Finally, pick a place that’s not too far from civilization. You may need to go on a run for extra supplies, or some of your friends may be late to the party and you need to pick them up. In worst-case scenarios, if your car breaks down and you can’t get a cellphone signal, being stuck hundreds of miles deep into the wilderness can be very dangerous.
Creating a Fire
One of the main highlights of any camping trip is setting up a campfire. It’s much easier said than done, but it should be simple enough if you follow these simple tips:
●Consider upgrading to a weather-resistant lighter. This way, you can light up a fire even if it rains and the wind is strong
●Cut up firewood in different sizes. Set up the largest chunks opposing each other, then place the smaller ones on top
●Add crumpled newspapers and cardboard to strengthen the flame
●Always have at least one person overseeing the fire to keep it from spreading
Foraging for Food While Camping
It’s fairly common for inexperienced campers to bring too much food, but there are scenarios when you will be short on supplies. Whether you’ve made miscalculations when planning how much food you should bring or if someone forgot to bring their part, this isn’t the reason to call it a day and pack up.
If possible, head to the nearest store to resupply on highly nutritious snacks, such as mixed nuts, dark chocolate bars, fruits, and such.
You may find yourself in a situation where your camping party wants to try searching for food outdoors. Although this may be a true camping experience, you should know that many wild plants are not only inedible but could also be potentially lethal.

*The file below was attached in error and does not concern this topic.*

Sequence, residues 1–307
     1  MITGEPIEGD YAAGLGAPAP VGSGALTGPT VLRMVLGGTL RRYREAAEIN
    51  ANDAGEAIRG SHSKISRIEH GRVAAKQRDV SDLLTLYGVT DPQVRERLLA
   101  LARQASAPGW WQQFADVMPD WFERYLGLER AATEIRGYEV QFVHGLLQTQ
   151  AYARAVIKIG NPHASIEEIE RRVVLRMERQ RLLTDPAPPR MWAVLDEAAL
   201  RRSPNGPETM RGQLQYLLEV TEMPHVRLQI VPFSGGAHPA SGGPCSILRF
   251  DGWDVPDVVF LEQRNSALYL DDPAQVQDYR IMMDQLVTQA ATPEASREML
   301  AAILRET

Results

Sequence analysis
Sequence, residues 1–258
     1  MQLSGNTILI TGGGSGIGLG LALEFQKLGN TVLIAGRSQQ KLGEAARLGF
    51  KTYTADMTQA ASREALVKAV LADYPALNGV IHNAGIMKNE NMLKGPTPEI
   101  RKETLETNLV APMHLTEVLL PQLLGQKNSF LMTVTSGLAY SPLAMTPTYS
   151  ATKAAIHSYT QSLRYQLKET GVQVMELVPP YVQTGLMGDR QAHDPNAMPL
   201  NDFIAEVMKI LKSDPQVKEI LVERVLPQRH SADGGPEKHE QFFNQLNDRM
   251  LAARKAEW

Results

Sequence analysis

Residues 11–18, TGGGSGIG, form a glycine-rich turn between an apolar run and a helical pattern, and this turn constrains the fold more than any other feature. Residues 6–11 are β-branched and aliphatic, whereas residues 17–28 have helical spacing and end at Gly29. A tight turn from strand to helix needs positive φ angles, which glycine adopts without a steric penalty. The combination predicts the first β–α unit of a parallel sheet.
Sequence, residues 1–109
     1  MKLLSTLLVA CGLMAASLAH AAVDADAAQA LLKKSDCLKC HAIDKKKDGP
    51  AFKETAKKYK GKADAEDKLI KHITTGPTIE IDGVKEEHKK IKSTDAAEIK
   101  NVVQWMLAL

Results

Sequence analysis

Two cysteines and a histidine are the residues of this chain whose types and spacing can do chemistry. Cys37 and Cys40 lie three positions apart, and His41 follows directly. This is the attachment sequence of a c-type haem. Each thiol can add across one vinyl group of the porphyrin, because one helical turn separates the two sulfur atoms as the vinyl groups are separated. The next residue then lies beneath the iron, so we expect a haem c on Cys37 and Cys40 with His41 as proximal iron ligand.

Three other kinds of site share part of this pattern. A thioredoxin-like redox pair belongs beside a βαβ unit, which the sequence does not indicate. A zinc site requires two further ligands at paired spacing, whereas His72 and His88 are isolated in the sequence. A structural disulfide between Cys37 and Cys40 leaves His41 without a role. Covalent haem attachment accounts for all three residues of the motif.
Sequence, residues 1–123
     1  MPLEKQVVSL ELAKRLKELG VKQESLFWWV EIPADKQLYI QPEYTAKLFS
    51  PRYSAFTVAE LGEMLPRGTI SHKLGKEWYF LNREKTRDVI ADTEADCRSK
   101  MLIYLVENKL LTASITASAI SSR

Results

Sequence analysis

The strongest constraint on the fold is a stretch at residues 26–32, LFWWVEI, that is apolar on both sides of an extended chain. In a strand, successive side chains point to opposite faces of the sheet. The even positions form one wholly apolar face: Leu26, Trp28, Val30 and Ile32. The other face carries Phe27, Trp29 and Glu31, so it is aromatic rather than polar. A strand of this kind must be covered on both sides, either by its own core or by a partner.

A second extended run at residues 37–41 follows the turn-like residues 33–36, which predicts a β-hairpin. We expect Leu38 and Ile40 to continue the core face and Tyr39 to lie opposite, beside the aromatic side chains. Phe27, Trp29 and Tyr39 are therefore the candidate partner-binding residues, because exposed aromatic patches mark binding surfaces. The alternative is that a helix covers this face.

Although it’s highly recommended not to with wild plants you know very little about, you can’t go wrong with nuts, such as pecans, hazelnuts, chestnuts, pine nuts, or black walnuts.
Although poisonous plants usually have green leaves, there are numerous exceptions, such as the Giant Hogweed with white flowers, the Wild Parsnip resembling a dandelion, or the gorgeous Foxglove, which is as poisonous as it is beautiful.
There are dozens of things that could go wrong on any camping trip, but there are just as many ways to prevent them. Here are a few safety tips that could be of invaluable help to beginner campers:
1.Always assign duties in pairs when handling sharp, heavy tools. This way, if anyone is hurt, the second person could provide treatment on the spot or call for help
2.Only use sterile equipment in your first aid kit. Check the kit before the trip, and replace any opened bandages, gauzes, roll pads, and wipes with unopened ones.
3.Always have a pocket knife nearby while camping.
4.Stick to snacks and energy bars if you’re unsure if the plant you’re eyeing is edible.
Don’t feel disheartened if you don’t do everything right on your first couple of camping trips. You’ll learn with each mistake, and as you do, your camping experience will become more enjoyable. We hope that you’ve found this guide helpful and wish you a wonderful camping trip. Make sure you are staying safe in these times we are all going through and have a good one, guys!